The only answer that I’ve found to be workable is that those are exactly the questions that Franzen poses, and he poses the questions by creating this omniscient narrator who, far from being an objective third party hired to report on the action, is himself a troubled soul who can’t help but infuse everything - every gesture, every expression, every movement of air, everything the characters do, think or feel – with a nauseating cleverness: a simile, a metaphor, a turn of phrase, a sleight of hand, a spelling-bee vocabulary word or, worse, a character whipping an inscrutable scientific theory out of their ass. Franzen’s narrator is himself the ugly one, the pessimist who would have us believe his bleak rendering contemporary American culture.
We are warned early on that this story is intended to be a gross exaggeration of “real” life. In the beginning of the section entitled “The Failures” one of the principals (Chip) gives a seventeen line speech in the middle of a harried scene after his girlfriend, Julie, walks out on him right as his parents arrive for lunch.
“I’m saying the structure of the entire culture is flawed,” Chip said. “I’m saying the bureaucracy has arrogated the right to define certain states of mind as ‘diseased’. A lack of desire to spend money becomes a symptom of disease that requires expensive medication. Which medication then destroys the libido, in other words destroys the appetite for the one pleasure in life that’s free, which means the person has to spend even more money on compensatory pleasures. The very definition of mental ‘health’ is the ability to participate in the consumer economy. When you buy into therapy, you’re buying into buying. And I’m saying that I personally am losing the battle with a commercialized, medicated, totalitarian modernity right this instant,” (p. 31)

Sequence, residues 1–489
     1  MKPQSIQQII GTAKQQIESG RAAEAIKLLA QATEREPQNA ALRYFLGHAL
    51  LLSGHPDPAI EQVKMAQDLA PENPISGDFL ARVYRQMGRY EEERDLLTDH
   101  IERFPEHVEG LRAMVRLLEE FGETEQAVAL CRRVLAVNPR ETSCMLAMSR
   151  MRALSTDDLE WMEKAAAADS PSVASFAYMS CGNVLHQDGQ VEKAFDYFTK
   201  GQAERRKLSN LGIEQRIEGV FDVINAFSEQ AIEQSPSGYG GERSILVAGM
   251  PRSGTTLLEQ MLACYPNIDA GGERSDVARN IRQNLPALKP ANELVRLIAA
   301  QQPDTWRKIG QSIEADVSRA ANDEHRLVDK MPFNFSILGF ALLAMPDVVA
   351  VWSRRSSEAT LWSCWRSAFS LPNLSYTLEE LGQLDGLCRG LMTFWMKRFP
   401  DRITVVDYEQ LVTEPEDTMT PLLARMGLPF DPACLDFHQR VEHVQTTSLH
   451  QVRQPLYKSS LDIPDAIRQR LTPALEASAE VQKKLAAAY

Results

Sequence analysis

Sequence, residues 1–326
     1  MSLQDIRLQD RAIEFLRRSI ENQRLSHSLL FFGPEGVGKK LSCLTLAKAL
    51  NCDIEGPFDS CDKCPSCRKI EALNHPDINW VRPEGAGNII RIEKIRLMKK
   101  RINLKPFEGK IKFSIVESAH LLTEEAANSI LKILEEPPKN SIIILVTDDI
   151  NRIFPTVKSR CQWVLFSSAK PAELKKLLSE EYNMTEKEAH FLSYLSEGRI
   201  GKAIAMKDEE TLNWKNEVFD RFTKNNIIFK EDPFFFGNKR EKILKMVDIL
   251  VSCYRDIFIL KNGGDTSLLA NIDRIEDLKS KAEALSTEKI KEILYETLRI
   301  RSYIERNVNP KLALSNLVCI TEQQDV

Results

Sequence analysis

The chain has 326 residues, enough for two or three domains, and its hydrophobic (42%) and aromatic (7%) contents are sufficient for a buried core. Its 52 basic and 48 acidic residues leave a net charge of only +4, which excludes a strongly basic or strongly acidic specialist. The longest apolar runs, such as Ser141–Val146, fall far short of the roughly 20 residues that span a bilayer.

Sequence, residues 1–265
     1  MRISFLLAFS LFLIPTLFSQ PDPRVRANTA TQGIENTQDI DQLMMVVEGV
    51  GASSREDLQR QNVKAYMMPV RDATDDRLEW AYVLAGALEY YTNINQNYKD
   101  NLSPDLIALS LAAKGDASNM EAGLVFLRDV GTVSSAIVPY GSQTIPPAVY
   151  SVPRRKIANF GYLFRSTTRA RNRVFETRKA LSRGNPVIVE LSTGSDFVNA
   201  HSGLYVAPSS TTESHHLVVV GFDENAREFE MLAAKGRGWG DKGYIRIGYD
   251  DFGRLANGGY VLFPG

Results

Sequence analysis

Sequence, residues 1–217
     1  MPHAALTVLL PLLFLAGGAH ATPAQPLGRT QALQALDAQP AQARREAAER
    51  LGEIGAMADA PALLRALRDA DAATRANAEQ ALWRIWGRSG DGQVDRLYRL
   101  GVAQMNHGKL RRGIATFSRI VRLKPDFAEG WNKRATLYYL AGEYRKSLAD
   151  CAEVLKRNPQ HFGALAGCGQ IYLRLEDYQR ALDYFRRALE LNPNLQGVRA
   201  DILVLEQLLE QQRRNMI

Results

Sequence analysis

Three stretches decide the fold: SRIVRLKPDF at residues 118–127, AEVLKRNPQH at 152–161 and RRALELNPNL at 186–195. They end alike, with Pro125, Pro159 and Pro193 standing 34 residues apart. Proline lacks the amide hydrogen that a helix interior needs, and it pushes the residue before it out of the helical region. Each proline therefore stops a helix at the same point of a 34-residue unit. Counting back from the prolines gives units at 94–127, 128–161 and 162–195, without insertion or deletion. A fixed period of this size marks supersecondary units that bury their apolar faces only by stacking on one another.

Immediately, red flags start popping up across the audience because everybody knows that, while entertaining, no real human being, nobody you’ve ever known or will know will ever speak that way in that situation. Not even disturbed people like Chip talk like that. When Franzen’s narrator turns the phoniness volume up to 10 in the first 1000 words it becomes pretty obvious that nothing from this point forward is to be taken seriously, because these characters aren’t not supposed to portray real people!
To the narrator though, these people – caricatures, really -- are his own grim reality. They’re his homeys. Some are perhaps not as stupid, malicious, diseased, depressed, drunk, cynical, and dishonest as others but they’re all just as generally snarky and unhappy as our narrator. This narrator has issues – he’s having a really bad time of it - and the Lambert family just happens to get caught in his sights as symbols of everything that is selfish, small-minded, trite and pathetic in our society. The blatant contempt the narrator has for the Lambert family and the characters that buzz around their disintegrating hive is almost comical. Indeed the only way to survive the breakneck narrative is to remind yourself that we were warned right up front that this was all in fun, for real people do not generally behave as these people do. Then you can laugh, for awhile at least.
The Book Trailer
The Loneliest Person on Earth